In the above codes, replace ### with the number of the color you want (see the image above). At the end of your prompt, you want to put the “reset color” code, otherwise everything after your prompt will be colored as well. For example, here is my tcsh prompt with colors:

set prompt = "\n%{\033[38;5;202m%}%T %m:%~>%{\033[0m%} "

Making the change permanent

Up to now, we’ve been playing with the prompt interactively. To make your changes permanent, you add the command to set the prompt to a special file:

For tcsh: ~/.cshrc
For bash: ~/.bashrc

The above files contain a list of commands that get executed when you open a new terminal. Just add the command to set your favorite prompt to the list.

Make your prompt color depend on the host machine

One final tip for your prompt: if you use ssh to login to different machines, you can use color to help indicate on which machine you are at any time. This is particularly useful if you have multiple terminal windows, some of which are logged in to your local machine and some to the remote one. By setting distinctive colors, you can easily tell which is which when you switch between windows.

Normally, you can edit the ~/.cshrc or ~/.bashrc file on the remote machine to set a prompt with a certain color. However, in some cases, you have a “roaming” home directory, which means that the remote machine shares the ~/.cshrc and ~/.bashrc files with your local machine. In this case, you’ll need to use an if statement to select the prompt to use, based on the hostname of the machine. To find the hostname of the current machine, just type the suitably named hostname command in the terminal.

Here is an example for tcsh:

if (`hostname` == gyrus) then
    set prompt = "\n%{\033[38;5;202m%}%T %m:%~>%{\033[0m%} "
else if (`hostname` == dupond.ltl.hut.fi) then
    set prompt = "\n%{\033[38;5;021m%}%T %m:%~>%{\033[0m%} "
else if (`hostname` == cetaganda.ltl.hut.fi) then
    set prompt = "\n%{\033[38;5;088m%}%T %m:%~>%{\033[0m%} "
else
    set prompt = "\n%{\033[38;5;190m%}%T %m:%~>%{\033[0m%} "
endif

And here is an example for bash:

if [`hostname` = "gyrus"]; then
    PS1="\n\e[38;5;202m\A \h:\w>\e[0m "
else if [`hostname` = "dupond.ltl.hut.fi"]; then
    PS1="\n\e[38;5;021m\A \h:\w>\e[0m "
else if [`hostname` = "cetaganda.ltl.hut.fi"]; then
    PS1="\n\e[38;5;088m\A \h:\w>\e[0m "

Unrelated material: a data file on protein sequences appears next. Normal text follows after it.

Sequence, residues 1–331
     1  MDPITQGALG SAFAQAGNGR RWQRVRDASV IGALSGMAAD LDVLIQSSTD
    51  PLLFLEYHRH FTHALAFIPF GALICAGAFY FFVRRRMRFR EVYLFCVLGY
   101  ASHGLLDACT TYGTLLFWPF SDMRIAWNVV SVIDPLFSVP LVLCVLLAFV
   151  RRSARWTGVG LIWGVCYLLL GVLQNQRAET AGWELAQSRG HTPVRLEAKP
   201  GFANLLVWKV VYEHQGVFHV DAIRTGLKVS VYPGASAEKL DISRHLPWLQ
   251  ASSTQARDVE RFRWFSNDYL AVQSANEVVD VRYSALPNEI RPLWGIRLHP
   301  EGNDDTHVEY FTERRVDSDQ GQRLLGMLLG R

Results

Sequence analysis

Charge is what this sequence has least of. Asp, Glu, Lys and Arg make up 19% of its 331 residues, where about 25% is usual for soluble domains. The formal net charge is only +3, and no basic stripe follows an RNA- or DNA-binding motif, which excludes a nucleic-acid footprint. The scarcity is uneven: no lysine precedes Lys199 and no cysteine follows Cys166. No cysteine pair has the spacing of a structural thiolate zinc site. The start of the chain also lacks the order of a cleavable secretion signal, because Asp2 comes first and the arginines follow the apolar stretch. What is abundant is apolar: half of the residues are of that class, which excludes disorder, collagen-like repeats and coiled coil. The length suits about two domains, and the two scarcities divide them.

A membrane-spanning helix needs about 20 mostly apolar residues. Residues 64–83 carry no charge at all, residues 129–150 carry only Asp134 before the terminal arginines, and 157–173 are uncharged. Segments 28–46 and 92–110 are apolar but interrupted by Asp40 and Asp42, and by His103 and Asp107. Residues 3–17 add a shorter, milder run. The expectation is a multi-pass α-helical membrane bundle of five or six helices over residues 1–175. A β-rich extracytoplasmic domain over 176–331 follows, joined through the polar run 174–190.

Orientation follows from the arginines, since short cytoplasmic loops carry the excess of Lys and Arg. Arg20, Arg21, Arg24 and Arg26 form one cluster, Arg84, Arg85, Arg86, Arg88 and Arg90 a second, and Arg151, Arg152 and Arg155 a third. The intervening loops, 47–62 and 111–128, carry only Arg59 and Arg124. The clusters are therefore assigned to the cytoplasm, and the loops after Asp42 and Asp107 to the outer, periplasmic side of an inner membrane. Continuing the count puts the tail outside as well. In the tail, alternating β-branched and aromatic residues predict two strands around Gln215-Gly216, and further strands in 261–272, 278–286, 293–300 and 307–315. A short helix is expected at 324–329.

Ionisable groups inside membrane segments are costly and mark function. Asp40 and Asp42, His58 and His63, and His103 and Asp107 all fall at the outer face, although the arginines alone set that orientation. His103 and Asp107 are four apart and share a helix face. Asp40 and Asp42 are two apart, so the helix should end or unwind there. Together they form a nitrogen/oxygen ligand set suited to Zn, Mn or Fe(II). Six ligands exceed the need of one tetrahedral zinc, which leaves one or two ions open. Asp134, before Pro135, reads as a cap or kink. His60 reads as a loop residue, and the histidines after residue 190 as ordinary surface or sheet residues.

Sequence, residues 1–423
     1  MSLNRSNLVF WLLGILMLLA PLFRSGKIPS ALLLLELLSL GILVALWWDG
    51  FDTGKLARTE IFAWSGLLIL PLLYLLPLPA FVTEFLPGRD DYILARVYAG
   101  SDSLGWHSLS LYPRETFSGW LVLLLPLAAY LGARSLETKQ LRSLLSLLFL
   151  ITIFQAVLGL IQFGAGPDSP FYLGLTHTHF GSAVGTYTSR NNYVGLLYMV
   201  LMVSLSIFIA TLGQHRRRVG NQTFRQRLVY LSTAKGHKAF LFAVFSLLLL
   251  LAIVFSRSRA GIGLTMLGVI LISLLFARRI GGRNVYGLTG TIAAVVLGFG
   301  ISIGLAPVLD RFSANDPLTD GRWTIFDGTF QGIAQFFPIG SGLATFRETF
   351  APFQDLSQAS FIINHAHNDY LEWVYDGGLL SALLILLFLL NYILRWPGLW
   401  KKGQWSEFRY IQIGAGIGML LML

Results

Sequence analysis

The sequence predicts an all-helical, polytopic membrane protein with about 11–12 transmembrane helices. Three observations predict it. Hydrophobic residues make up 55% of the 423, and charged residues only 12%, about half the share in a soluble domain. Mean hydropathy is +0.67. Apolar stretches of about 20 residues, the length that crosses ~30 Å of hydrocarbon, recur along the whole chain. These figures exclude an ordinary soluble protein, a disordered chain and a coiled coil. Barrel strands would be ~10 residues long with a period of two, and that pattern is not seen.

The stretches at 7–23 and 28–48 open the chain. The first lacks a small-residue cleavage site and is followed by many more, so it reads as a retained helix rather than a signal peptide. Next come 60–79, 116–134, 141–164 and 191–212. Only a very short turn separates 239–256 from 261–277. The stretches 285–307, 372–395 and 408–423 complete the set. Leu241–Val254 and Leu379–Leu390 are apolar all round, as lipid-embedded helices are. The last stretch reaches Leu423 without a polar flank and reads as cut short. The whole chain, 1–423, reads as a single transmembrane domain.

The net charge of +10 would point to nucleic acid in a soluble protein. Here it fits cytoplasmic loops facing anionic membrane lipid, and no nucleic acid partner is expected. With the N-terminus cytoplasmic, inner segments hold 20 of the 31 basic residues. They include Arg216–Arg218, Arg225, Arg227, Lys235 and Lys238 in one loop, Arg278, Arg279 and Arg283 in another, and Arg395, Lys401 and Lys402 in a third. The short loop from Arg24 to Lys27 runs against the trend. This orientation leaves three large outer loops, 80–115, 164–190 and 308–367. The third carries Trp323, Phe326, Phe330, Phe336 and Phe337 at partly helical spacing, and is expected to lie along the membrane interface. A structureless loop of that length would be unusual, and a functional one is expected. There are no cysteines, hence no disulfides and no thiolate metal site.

else
    PS1="\n\e[38;5;190m\A \h:\w>\e[0m "
fi

Add color to your ls output

One of the commands you use most often is ls, which lists the files in the current folder. By default there are no colors in this list and if there are colors, they can be likely extremely ugly. The fact is that ls really needs some coloring to, for example, distinguish folders from normal files. For example, try to spot in the ls output below, which are the folders and which are the normal files:

13:37 host:~> ls
backup     giraffe                    Pictures
bin        gitprompt.csh              Public
cfg        kernel-30615.json          R
cutlery    lisp                       scikit_learn_data
data       login.keyring              SetUpFreeSurfer.csh
Desktop    matlab                     Steam
Documents  matlab_crash_dump.29703-1  Templates
Downloads  Music                      triton2
eeg.lout   pathdef.m                  Videos

Maybe you can with some detective work, but it is quite obvious that the following output is much clearer:

13:37 host:~> ls
backup     giraffe                    Pictures
bin        gitprompt.csh              Public
cfg        kernel-30615.json          R
cutlery    lisp                       scikit_learn_data
data       login.keyring              SetUpFreeSurfer.csh
Desktop    matlab                     Steam
Documents  matlab_crash_dump.29703-1  Templates
Downloads  Music                      triton2
eeg.lout   pathdef.m                  Videos

Folders are shown in light blue, links in dark blue, and regular files are shown in plain gray.

To make ls use colors, use the --color=auto switch like this:

ls --color=auto

Of course, this is a pain to type every time, so it’s best to set an alias for this. For tcsh, add the following line to your ~/.cshrc: